Most flight instruments that use cryogenics or non-cryogenics require physical isolation of their internal instruments (sensors, detectors, spectrometers) from the external environment. This isolating window film also needs to be transparent in the operational frequency of the internal instruments to detect electromagnetic waves. As such, the film needs to have the necessary strength to hold the vacuum pull and provide a low transmission loss.
Most instruments use thicker materials using polyethylene or polypropylene to provide enough material strength; however, thicker films introduce significant loss in the transmission band. For instruments that require a window diameter of greater than 2”, traditional window films are thicker to hold larger force.
A new class of polymer cyclic olefin copolymer (COC) commercially known as thin TOPAS® was used to develop an instrument window for far-IR application. The TOPAS film is high-temperature vacuum formed to reduce the material stress and to avoid micro-cracks during the vacuum pull. TOPAS is a low-loss material in the far-IR range and has advantages over other commonly used films such as thick, high-density polyethylene and polypropylene. The vacuum forming process allowed the window to define a deflection radius for a given pressure and window diameter. This process significantly reduces the stress on the film.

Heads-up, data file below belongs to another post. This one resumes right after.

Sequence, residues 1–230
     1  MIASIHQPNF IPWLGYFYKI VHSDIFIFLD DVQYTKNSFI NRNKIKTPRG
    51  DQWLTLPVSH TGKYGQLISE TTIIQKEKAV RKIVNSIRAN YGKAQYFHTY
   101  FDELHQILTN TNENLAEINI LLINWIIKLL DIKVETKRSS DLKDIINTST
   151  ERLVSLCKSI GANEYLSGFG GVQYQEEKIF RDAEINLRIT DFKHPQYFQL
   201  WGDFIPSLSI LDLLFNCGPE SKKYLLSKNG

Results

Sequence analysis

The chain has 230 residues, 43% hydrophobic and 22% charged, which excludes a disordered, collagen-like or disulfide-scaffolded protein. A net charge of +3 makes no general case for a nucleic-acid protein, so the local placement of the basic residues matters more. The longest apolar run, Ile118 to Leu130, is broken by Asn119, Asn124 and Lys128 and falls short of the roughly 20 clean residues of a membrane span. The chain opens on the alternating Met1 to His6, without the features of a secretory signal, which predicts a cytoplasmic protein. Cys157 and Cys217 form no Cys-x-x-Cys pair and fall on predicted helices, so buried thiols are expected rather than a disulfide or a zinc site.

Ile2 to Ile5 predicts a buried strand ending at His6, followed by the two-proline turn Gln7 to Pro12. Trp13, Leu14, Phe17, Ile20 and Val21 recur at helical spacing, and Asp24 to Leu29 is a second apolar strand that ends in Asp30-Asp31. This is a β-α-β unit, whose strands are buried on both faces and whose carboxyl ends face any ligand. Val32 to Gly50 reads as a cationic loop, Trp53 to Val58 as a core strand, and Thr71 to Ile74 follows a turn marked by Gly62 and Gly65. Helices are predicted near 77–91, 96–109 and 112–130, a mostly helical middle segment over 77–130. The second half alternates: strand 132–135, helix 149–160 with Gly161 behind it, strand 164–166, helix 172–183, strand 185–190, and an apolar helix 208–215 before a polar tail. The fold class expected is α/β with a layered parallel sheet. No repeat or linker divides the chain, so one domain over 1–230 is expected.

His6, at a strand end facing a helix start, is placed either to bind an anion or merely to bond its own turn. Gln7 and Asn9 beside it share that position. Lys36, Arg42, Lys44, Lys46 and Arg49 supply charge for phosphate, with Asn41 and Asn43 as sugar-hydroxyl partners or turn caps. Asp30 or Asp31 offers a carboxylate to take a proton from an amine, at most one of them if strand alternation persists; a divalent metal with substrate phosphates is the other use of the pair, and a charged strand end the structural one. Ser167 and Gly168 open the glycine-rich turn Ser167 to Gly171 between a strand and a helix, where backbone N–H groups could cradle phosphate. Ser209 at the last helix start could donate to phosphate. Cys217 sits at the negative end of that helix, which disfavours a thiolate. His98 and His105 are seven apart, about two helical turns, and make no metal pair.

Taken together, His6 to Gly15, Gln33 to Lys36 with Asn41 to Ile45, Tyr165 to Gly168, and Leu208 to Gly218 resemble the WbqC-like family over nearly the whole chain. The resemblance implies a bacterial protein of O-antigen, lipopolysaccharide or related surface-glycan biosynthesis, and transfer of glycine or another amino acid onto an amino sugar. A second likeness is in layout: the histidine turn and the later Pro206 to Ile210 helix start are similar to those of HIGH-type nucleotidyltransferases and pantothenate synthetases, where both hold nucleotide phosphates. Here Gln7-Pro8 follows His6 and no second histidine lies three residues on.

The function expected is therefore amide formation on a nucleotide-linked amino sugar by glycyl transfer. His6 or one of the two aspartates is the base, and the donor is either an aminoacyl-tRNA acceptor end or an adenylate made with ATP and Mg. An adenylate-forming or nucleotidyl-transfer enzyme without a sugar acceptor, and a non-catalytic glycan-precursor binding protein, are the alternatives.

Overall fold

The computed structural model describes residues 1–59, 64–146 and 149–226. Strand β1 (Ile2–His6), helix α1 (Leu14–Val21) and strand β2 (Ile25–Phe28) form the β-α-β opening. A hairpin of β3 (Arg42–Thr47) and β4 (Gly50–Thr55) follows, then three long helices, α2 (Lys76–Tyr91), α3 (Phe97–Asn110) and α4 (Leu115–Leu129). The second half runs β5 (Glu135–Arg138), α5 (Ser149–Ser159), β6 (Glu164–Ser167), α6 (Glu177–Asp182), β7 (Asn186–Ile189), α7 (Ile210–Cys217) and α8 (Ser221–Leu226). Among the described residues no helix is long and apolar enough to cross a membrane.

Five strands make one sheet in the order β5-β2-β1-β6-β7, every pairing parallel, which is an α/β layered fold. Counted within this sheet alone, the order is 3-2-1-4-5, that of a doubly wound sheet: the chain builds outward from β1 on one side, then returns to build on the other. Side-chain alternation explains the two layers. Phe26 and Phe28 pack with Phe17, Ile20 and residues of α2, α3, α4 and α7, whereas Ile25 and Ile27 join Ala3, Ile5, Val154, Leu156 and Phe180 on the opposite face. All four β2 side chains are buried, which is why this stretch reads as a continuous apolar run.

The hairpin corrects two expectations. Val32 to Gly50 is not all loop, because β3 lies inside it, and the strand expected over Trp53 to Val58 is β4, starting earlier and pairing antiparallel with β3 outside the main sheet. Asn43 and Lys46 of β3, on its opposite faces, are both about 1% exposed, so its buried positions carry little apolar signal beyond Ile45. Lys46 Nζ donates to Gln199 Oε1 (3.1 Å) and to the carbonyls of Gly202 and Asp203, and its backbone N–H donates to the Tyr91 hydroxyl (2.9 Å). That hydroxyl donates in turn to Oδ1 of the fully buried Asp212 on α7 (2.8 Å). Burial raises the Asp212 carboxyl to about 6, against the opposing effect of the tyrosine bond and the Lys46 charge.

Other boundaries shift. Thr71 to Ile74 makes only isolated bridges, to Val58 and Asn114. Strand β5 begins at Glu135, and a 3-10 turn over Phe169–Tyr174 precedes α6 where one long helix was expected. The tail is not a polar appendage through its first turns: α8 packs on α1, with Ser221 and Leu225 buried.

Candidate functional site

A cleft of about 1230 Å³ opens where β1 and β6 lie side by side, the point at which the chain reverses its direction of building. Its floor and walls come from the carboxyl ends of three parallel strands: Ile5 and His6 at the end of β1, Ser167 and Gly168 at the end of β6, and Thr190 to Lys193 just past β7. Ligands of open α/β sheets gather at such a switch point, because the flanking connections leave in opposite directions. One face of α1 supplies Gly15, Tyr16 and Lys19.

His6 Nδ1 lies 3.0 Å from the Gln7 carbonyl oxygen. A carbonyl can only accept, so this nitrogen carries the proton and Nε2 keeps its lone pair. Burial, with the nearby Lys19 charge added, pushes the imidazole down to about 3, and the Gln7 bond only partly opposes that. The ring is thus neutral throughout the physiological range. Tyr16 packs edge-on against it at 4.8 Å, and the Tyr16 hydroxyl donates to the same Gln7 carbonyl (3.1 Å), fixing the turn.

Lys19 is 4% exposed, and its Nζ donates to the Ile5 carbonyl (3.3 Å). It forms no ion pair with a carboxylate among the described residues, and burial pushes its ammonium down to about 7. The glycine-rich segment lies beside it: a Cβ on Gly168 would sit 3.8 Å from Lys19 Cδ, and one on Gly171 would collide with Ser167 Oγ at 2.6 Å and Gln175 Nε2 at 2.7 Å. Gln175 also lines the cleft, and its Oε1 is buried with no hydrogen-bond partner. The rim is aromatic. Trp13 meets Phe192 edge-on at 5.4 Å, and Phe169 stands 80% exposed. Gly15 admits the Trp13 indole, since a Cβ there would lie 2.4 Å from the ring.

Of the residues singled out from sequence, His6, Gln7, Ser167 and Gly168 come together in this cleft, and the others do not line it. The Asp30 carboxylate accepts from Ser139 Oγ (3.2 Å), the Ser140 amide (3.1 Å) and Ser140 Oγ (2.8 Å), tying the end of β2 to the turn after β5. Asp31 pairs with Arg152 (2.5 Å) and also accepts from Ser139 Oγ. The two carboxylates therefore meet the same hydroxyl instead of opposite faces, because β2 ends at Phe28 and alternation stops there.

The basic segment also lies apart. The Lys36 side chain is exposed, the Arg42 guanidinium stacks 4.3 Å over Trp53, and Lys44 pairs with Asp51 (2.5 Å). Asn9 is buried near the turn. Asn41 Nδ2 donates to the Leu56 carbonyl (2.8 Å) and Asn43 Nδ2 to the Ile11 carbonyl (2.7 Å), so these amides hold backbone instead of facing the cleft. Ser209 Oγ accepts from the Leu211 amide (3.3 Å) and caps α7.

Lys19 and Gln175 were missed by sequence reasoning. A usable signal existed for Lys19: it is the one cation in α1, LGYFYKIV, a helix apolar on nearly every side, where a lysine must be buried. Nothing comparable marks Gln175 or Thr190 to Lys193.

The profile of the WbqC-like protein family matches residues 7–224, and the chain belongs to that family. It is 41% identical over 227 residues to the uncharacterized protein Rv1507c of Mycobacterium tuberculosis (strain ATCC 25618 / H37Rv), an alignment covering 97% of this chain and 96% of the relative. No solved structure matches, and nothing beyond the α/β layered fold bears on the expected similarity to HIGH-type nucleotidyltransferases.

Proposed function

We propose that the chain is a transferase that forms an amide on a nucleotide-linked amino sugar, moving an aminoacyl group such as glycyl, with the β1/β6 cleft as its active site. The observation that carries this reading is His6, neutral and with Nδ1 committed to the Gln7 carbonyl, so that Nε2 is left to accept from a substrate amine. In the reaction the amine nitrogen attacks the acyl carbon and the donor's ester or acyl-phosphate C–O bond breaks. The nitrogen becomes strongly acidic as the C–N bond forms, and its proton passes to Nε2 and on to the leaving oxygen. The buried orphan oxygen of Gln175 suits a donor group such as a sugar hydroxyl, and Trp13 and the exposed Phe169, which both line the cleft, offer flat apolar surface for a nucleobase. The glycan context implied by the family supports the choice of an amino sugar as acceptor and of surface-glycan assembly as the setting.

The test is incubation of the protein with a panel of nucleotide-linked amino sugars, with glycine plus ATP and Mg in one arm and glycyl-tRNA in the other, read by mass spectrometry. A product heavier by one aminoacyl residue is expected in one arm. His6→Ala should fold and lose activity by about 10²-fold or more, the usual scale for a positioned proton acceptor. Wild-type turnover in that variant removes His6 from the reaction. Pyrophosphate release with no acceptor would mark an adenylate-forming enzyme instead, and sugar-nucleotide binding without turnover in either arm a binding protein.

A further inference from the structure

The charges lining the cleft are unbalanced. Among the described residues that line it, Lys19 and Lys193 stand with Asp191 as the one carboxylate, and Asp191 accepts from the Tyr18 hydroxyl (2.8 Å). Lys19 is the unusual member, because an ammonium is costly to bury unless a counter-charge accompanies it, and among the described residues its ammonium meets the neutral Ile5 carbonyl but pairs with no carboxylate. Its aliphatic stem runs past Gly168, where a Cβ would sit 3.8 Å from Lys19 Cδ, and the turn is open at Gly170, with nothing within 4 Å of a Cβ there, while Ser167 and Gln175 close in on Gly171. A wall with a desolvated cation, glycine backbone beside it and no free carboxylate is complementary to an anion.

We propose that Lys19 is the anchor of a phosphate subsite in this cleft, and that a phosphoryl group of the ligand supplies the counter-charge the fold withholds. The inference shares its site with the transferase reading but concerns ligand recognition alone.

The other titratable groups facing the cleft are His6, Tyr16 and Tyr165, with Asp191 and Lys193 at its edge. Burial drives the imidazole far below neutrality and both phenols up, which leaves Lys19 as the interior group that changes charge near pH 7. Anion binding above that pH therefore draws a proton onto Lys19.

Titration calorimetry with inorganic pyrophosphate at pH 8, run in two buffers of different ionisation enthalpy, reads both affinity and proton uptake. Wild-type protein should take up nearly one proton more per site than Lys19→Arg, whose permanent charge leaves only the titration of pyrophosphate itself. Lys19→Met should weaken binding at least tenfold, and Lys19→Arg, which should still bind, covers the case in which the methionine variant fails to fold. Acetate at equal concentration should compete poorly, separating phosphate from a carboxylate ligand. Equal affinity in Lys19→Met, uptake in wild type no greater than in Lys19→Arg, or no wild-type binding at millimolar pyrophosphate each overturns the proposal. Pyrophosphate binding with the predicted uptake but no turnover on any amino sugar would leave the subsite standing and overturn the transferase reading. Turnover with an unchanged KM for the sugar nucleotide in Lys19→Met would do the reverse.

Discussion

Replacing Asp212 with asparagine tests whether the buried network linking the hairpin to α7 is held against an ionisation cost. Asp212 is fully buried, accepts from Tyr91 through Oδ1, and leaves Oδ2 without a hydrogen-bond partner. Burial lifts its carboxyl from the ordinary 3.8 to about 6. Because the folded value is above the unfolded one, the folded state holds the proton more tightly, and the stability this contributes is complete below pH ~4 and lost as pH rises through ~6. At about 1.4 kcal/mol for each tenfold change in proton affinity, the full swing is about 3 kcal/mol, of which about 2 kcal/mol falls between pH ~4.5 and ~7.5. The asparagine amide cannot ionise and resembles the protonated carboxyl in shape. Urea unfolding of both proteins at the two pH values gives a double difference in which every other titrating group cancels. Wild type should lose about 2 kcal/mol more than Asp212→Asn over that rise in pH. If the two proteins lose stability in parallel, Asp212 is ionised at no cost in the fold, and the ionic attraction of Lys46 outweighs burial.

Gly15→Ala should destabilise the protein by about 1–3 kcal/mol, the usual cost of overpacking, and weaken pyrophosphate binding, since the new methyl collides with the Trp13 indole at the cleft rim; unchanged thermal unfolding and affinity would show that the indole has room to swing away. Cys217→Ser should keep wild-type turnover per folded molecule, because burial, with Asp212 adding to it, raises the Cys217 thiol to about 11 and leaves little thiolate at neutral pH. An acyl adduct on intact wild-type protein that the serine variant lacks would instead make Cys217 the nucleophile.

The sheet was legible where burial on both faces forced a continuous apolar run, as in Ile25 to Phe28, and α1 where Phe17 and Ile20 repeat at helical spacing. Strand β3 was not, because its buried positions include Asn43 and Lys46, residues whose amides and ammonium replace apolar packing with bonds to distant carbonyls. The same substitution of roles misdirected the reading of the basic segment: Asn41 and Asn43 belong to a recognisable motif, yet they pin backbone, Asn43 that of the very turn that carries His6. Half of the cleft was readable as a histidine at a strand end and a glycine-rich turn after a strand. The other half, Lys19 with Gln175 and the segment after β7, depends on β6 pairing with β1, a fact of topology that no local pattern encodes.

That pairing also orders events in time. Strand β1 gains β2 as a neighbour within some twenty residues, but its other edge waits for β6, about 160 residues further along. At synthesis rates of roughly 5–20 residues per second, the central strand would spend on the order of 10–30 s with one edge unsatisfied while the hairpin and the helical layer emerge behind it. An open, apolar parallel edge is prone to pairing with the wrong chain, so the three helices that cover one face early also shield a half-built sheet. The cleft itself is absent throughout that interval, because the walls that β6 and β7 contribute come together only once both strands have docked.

TOPAS has higher transmission (~90%) compared to commonly used far-IR window films (83%). Furthermore, TOPAS has twice the tensile strength (7600 psi) of high-density polyethylene (4600 psi).
This work was done by Berhanu Bulcha, Edward Wollack, and Alexander Kutyrev of Goddard Space Flight Center. For more information, contact the Goddard Strategic Partnerships Office at